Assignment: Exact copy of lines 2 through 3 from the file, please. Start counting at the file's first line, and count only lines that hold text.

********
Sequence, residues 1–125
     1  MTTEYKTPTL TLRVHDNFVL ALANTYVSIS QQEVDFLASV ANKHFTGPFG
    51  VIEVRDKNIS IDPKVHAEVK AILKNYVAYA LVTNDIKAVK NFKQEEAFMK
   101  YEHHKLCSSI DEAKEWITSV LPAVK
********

     1  MTTEYKTPTL TLRVHDNFVL ALANTYVSIS QQEVDFLASV ANKHFTGPFG
    51  VIEVRDKNIS IDPKVHAEVK AILKNYVAYA LVTNDIKAVK NFKQEEAFMK